With the conclusion of the Presidents Cup and The Football in full swing, we’ve officially reached golf’s extremely unofficial offseason. That doesn’t mean there’s no golf happening — more on that in a bit — but it does give you some freedom as consumers. You should feel free to have Golf Channel on at all times, of course. But I’m here to tell you you’re not considered a bad golf fan if you didn’t watch the Sanderson Farms this weekend; there’s no legal recourse against those who don’t recognize the PGA Tour’s fall season as an entity worthy of your full attention.
As a native New Englander, I believe in the changing of the seasons. And while a proper golf-life balance includes challenging the chill and sneaking in as many on-course afternoons as you can before the leaves get covered by snow, there’s really no pressure to keep tabs on the pros’ birdies and bogeys this time of year. There’s a reason the PGA Tour stopped putting its playoff events up against the start of the NFL season, and it will be interesting to monitor the viewership levels of the upcoming LIV events in Bangkok, Saudi Arabia and Miami. This time of year, golf tends to feel supplemental.
Why is this top of mind? I woke up Sunday morning thinking about this space. I’ve enjoyed the Monday Finish since the first edition in early 2021, and have continued to enjoy beginning my weeks with all of you, right here. The format has continually evolved, but my mandate is fairly simple: Write about the week in golf. And given we’re now in the aforementioned offseason, it’s a good time to think about how to keep doing that differently and better. (Suggestion jar at the bottom of the article.) And while I don’t want to take on the burden of telling you everything that matters from the golf world, if I can tell you at least one thing, that seems like a win. That would be properly supplemental. And in return, you have my full support to spend October weekends however you want to.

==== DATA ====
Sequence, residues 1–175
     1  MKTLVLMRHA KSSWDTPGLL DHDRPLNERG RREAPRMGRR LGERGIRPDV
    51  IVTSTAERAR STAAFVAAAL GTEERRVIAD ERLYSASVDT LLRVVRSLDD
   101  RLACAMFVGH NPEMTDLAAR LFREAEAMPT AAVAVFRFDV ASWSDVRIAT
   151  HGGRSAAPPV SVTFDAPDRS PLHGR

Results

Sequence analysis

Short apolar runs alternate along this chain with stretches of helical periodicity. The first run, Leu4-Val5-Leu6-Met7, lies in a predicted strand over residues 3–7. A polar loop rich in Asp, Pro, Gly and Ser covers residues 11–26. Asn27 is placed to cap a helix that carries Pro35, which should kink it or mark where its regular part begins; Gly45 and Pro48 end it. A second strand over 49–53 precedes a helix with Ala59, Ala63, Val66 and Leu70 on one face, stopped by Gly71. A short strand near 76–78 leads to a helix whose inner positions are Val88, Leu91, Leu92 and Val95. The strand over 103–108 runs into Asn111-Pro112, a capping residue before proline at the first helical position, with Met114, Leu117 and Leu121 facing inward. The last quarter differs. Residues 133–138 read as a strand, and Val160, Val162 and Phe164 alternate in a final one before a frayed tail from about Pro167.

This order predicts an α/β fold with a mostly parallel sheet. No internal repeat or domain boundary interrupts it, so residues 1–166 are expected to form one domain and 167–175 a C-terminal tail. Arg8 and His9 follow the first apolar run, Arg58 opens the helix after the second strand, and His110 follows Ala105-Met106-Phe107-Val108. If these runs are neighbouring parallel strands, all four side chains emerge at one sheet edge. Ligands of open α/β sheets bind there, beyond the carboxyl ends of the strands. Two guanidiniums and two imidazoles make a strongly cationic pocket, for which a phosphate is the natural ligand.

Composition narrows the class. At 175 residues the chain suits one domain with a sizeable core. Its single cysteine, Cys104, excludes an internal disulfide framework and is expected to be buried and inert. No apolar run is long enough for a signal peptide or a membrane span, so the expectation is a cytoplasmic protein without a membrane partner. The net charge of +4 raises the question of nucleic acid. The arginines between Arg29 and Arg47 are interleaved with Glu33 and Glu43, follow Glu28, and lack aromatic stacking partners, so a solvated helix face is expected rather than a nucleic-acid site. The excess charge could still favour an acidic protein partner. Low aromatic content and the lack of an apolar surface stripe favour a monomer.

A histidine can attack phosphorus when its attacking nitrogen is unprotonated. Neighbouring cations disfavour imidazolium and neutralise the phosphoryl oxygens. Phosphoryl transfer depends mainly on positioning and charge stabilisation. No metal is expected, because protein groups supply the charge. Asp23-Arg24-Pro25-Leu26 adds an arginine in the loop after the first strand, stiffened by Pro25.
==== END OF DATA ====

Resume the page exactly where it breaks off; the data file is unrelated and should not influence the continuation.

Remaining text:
Anyway, before the subject matter of this column becomes the subject matter of this column, let’s get to the golf!
I woke up early on Sunday morning, inspired by the promise of a new day and the after-effects of a particularly adventurous Mediterranean dinner. Wouldn’t you know it: Competitors at the Dunhill were just beginning to reach the back nine at St. Andrews. I’d been generally aware of the tournament and had even tuned in to watch some of the early-round carnage — shoutout to Alexander Knappe and his Friday back-nine 52 — but certainly hadn’t committed to the Dunhill as a mandatory Sunday morning activity. But then, confronted with the reality of a sunny, competitive afternoon at the Old Course, I was quickly glad I’d flipped it on.
There was third-round leader Richard Mansell, giving away his advantage. There was Rory McIlroy, coming from nowhere with a characteristic Sunday charge. There was Ryan Fox, chipping away, a birdie here and a birdie there. There was a very good dog. There were two talented twins, dressed the same. And there was the sense that regardless of world rankings or strength of field, this tournament matters. The European circuit always seems to nail that feeling. St. Andrews certainly helps.